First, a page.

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Winter gardening for wildlife
I think it’s safe to say things are back to normal in Western Washington. The rain gutters are making that old familiar burbling noise and dodging mud puddles is once again a normal part of navigating the byways.
I could almost swear I heard a collective sigh rise up from a million slug and snail burrows when the first fat raindrops fell. But maybe it was just the wind revving up for a typical October blast.
Except for chocolate and good books, there are a few things you actually can have too much of – despite the intense pleasure they bring. For me, days without any measurable rainfall are big on that list.
After watching my Gunnera manicata droop for most of the summer, I say, bring on the monsoons. Yes, bring ‘em on!
If you’re not a native Mossback, I know the damp weather can put a cramp in your outdoor plans. After all, I’ve heard tell of people from warmer climes who see the skies darken and decide to stay indoors and wait it out – ‘til around mid-May.
For those of us genetically mutated to not only withstand, but appreciate, the rain and all that greenery it brings, these are good times indeed. You’ll find us wandering around outside inspecting the burgeoning bryophytes, those moisture loving non-vascular plants that thrive around here, like mosses and liverworts.
Okay, so maybe you’re not all that excited about pulling on your boots and rain coat and traipsing outside, but here’s a good reason to give monsoon season gardening a try: the wildlife will love you for it.
Back in the spring and summer, when the weather was more amenable and you were doing most of your yard work, the birds were building nests and raising their young. If you took advantage of the good weather to clear away the dead brush or cut limbs, chances are you also may have disturbed – or even destroyed – some of these nests filled with eggs or young.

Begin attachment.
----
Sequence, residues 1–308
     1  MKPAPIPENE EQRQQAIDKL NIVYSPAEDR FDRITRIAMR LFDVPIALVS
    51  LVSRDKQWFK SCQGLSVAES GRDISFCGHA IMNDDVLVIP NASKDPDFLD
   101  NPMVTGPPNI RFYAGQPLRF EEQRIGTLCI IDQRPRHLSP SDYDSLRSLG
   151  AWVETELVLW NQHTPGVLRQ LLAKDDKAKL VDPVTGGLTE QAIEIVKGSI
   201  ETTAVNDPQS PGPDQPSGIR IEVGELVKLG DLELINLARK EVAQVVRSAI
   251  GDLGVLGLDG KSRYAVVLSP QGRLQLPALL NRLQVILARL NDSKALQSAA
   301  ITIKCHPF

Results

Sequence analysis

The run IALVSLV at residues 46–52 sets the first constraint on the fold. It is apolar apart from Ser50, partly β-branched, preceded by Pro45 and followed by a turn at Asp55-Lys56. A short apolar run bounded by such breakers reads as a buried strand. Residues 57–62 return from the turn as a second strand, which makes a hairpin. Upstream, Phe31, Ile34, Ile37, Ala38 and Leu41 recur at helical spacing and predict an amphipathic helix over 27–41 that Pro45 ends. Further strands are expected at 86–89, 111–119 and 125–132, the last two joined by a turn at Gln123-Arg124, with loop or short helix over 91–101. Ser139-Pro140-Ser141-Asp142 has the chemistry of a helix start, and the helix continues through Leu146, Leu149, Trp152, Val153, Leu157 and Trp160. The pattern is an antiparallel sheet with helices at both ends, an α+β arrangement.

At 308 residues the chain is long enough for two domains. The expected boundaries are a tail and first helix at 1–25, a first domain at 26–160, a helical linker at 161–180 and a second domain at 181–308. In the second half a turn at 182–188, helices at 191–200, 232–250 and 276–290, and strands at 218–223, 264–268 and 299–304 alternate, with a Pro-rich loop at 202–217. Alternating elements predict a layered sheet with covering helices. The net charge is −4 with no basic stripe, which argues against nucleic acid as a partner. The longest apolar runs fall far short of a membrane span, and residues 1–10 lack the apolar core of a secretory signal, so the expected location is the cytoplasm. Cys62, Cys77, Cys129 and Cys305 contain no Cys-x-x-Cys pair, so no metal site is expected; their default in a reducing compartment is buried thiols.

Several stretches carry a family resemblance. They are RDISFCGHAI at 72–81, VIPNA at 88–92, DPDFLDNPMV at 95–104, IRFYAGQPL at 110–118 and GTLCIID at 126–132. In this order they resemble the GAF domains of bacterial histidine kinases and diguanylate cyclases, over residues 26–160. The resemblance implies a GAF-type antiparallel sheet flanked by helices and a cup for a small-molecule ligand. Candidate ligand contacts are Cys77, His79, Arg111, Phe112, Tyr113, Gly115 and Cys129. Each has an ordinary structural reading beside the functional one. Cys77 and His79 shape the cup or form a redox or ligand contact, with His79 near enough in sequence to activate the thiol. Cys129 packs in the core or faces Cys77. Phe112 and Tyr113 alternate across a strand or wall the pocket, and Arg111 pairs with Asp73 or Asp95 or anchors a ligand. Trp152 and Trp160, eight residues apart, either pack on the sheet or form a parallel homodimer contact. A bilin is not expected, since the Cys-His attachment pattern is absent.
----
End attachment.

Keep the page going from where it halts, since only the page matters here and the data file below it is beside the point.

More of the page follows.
It’s not just the trees that make good avian real estate. Some birds nest on or near the ground, so a pile of branches waiting for the chipper can be a perfect spot to conceal a nest. I’ve even found birds nesting in a stand of lemon balm.
If encouraging birds and other native wildlife is important to you, then consider delaying any major tree- or brush-clearing until the birds have finished nesting. If you’ve got the space, you might also want to think of installing a permanent brush pile on your property or leave snags and dead and dying trees that don’t pose a safety hazard in place.
Fall is also an excellent time for planting shrubs and trees that attract humming birds and butterflies. The dormant season gives them time to develop strong roots instead of putting all their energy into producing leaves and flowers. Think of adding some natives, like Oregon grape, red flowering currant, Indian plum, twin berry and red elderberry.
I know the last thing on your mind right now is a lack of water, but guaranteed, July will return. Wildlife needs a place to drink, so add a bird bath or pond. Even a wide rock with a shallow depression in it can hold enough water to keep thirsty butterflies satisfied.
To learn more about native wildlife, visit the Whidbey Audubon Society at whidbeyaudubon.org or the Living with Wildlife pages at the Washington Dept. of Fish and Wildlife website, wdfw.wa.gov.